In these worrying times many of us will be coping with rapidly changing lifestyles as we are forced to stay at home during the coronavirus “lockdown”. Whether trying to carry on with work as usual or looking after your family – or more typically both – this is our new reality for an indefinite future. Then there are those keyworkers on the “frontline” going out every day with the threat of infection hanging over them.
Whatever your situation, the sudden changes to routines and life patterns, and uncertainty about the future, especially over work, money and the safety of our loved ones, can make us feel anxious and stressed.
If at home, perhaps for you the main challenge is to stay sane and calm, keep some order and structure to your life while trying not to overindulge in snacking.
Perhaps your challenge is to organise your space and time so you can work while keeping peace within the family.
More positively perhaps the lockdown is providing you with time to get one of your long-cherished pet projects off the ground.
One of my clients said that the lockdown felt like an “extended Christmas” – first you are excited but than you look forward to it being over and having your usual routine back and some much needed privacy.
Below, I offer some tips that my clients and I have found helpful in coping with the situation we find ourselves in.
If at work you are used to setting yourself high standards and making super-human to-do lists, you are in danger of not even starting.
If you know that routine is helpful but also represents a challenge for you, I suggest setting up a simple, consistent morning routine consisting of 3-4 items. For example:
- Getting up at 7am
- Exercise from 7.15 to 7.45am
- Shower and get dressed from 7.45 to 8.15am
- Breakfast from 8.15 to 8.45am
Aim to keep your morning routine six days a week. You may notice that if you are on top of things in the morning the rest of your day then becomes more manageable and satisfying. Don’t forget to take a break from the routine on Sundays.
Staying fit and healthy
Take a look at the NHS eat well guidelines: https://www.nhs.uk/live-well/eat-well/the-eatwell-guide/
Here is another good summary of a healthy approach to food:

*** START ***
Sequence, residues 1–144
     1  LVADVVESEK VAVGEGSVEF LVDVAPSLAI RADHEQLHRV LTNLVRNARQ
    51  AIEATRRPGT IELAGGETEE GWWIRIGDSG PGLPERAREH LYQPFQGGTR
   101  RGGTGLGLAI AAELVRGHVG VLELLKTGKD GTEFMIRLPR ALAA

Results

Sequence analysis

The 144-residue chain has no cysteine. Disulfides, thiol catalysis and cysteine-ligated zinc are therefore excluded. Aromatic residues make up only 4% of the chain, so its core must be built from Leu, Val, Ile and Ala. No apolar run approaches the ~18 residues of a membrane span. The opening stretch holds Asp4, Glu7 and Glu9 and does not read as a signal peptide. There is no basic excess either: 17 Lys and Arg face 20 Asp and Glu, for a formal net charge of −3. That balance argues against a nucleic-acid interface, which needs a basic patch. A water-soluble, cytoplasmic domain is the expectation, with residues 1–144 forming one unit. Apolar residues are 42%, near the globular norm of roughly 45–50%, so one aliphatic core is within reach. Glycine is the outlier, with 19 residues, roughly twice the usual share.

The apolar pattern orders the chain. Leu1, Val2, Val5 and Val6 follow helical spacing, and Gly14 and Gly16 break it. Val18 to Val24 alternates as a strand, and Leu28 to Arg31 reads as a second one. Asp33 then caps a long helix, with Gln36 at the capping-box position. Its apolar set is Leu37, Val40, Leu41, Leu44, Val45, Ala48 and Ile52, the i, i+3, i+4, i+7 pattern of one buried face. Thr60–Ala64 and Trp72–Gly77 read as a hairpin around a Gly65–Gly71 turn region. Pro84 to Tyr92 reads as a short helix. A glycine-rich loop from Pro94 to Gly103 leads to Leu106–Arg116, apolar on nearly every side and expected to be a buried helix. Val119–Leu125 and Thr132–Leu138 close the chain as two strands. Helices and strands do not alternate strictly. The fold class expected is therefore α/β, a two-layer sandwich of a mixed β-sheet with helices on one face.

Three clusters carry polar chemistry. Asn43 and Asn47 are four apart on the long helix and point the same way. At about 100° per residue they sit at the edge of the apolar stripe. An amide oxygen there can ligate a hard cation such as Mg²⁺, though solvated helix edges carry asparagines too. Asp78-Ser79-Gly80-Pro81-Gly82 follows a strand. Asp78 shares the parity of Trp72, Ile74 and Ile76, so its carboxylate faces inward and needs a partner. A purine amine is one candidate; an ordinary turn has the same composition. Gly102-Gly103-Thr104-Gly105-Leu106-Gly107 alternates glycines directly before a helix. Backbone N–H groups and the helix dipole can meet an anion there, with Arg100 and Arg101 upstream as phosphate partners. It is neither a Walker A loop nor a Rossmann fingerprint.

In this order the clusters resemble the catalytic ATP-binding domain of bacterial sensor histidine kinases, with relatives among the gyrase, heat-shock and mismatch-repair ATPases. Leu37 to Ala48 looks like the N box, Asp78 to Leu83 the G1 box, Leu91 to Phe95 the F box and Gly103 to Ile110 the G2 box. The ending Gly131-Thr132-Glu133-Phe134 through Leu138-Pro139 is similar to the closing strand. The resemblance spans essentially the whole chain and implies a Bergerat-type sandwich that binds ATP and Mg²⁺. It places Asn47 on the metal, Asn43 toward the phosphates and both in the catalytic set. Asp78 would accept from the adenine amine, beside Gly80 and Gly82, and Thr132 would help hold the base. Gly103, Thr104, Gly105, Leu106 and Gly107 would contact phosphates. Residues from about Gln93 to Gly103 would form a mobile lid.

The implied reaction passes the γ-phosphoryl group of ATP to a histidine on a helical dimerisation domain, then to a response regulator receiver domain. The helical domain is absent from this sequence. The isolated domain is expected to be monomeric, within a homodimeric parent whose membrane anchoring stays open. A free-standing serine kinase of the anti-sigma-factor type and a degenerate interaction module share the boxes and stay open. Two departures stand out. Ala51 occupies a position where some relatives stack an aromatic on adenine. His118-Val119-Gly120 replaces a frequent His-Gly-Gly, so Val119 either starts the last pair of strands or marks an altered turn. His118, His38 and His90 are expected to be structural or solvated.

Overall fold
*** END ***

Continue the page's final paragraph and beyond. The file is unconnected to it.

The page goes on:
If you like a glass of wine or a cake, try to restrict these treats to once a week and make a point of really enjoying it as a special occasion rather than gobbling it down with a sense of guilt.
Working from home
More likely, the boundaries between work and “life” become blurred as work crawls over our private life. We can feel overwhelmed, stressed and burnt out by work, with no breaks from constant phone calls, emails and online communication.
The opposite difficulty is to stick to it, not get distracted and manage the work we have planned. It’s all too easy to find work-time dwindles, overcome by endless household chores or simply lack of organisation.
I suggest starting by deciding what work/life boundaries you need. The obvious ones are time and space. Can you define when you work and when you don’t? Can you create some work space in your house where the interruptions are less likely?
Another, subtler, but still important boundary relates to your mental preparedness, the boundary between different states of mind. How do we move into the “work state” and disengage from it? There are various transition tactics to try. Try changing into your work clothes, put on your “work face” even wear your work shoes.
The mental transition can be difficult. Make a realistic plan for your working day and prioritise the tasks according to their urgency and importance. Start with those tasks that require more concentration and intellectual input. Keep work emails and communication limited and well defined, desirably leave as much of it as possible to the second half of your working day. Make sure you take at least one substantial break to have your lunch and get out for a brief walk or just a stroll in your own garden.